I want to ask you this (Precious and whoever can answer me) : If you have a black and a white parent - as some of my children's friends do - why should you be forced to identify with one side over the other? What is so healthy about labelling a child black or white and thereby denying her to grow up into a future where this terminology might not make sense anymore thereby allowing them to simply be beautiful (my daughter recently referred to an African woman she had been talking to  as the "beautiful lady with the jewellery" - and yes, I was proud and happy that she can be part of a world where people are simply interesting and beauty comes before color....).

What I am trying to say is this: Being black is not as clear cut as being a woman  (or a man or being tall or short). Nobody can be tall or short at the same time or in their mid thirties and end thirties (except for you of course P :-))) - but many people - and there is going to be an ever growing number of them in our future - are not just black or white. To determine what their exact background is by just looking at a person will be more and more impossible. To call them black only because they are clearly not white is something that does not sit well with me - my cultural background and the connected fascist history might also play a part in my emotional stalling whenever I am forced to refer to somebody by the color of their skin.

And Precious, or anybody out there who is reading this with a fresh perspective: if you have a definition of black and white embracing all the shades in between (and NOT excluding my children) that we could go into the future with, I am open and willing to learn - but I desperately want to know why it is necessary for anybody to grow up with these labels. I see how they made sense 30 or 40 years ago where being black was still very much a disadvantage for your future and as you put it, you would have been better off if somebody had prepared you for this sad truth. But if there is only the slightest chance that this might not be the case for our children - I want to latch onto it and prepare them for a better world than the one we come from.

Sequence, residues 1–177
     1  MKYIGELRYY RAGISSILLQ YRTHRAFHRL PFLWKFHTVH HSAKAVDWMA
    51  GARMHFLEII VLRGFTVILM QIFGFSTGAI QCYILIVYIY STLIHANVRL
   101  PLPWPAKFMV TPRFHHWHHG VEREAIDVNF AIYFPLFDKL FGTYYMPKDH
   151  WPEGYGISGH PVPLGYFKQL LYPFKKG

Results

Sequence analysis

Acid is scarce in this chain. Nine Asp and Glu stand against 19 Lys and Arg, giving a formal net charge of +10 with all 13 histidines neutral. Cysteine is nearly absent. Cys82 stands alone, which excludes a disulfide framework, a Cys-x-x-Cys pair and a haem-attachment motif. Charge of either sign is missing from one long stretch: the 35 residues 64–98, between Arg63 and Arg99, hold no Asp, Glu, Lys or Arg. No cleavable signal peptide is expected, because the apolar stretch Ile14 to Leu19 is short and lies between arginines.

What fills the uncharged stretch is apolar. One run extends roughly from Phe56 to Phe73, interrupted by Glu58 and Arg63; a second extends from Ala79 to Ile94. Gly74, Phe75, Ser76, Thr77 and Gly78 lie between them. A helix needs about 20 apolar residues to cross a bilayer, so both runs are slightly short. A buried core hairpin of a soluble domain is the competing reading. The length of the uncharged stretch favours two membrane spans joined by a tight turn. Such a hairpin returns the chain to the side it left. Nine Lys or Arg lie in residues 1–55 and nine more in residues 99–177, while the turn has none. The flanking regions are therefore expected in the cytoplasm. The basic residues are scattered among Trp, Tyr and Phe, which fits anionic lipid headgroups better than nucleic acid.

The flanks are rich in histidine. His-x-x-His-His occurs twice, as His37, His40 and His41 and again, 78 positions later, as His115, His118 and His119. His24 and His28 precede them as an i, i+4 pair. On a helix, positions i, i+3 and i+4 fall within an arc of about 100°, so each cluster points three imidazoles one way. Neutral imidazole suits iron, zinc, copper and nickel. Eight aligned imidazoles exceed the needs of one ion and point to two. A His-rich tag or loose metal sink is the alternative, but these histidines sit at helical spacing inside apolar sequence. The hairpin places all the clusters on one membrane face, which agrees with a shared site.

Maybe it is time we changed the world a little - even if it's only within the circle of our family and friends - and as I am writing this, somebody sends me a mailer, with the perfect end to this post ,thank you !

Greater than the tread of mighty armies is an idea whose time has come (Victor Hugo)

What if the time has come and we continue to ignore it?
What will this make us in the eyes of our children 30 years from now? I would rather argue my point and possibly apologize for not having prepared them sufficiently for a world who mainly looks at them as black than to have to explain why I kept hanging on to an outdated notion of what defines us as human beings.


Heidi said…
I am an adoptive mom of two kids whom I find are beaming with a strong sense of self, as little as they are, at age three and four. Seeing that race is the discussion here, it is relevant to note that I am white and they are black.

Yesterday I went to make a copy of my fingerprints at the police station for an application to obtain police clearance. On the form it asked: Race – B; C; I; W. Without hesitation I crossed out the “W” (white) and moved on to the next step in the process. But today, after reading your blog, I thought about my kids and about the fact that in a few years from now, they too will need to cross out a letter that has to indicate their race.